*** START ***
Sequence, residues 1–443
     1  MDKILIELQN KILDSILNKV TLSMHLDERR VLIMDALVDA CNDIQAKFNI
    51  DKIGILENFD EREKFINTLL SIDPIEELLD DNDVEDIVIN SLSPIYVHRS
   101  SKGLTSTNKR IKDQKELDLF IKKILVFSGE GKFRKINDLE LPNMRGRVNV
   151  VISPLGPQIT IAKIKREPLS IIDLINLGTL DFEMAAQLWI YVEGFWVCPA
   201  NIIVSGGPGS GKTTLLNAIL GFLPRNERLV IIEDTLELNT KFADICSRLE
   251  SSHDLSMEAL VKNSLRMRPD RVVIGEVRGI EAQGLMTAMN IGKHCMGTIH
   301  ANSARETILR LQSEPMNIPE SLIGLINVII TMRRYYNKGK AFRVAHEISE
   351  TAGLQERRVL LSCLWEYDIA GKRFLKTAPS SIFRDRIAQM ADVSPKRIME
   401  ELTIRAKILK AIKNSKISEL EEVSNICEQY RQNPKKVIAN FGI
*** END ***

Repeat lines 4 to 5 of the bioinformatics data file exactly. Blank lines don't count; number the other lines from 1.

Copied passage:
   101  SKGLTSTNKR IKDQKELDLF IKKILVFSGE GKFRKINDLE LPNMRGRVNV
   151  VISPLGPQIT IAKIKREPLS IIDLINLGTL DFEMAAQLWI YVEGFWVCPA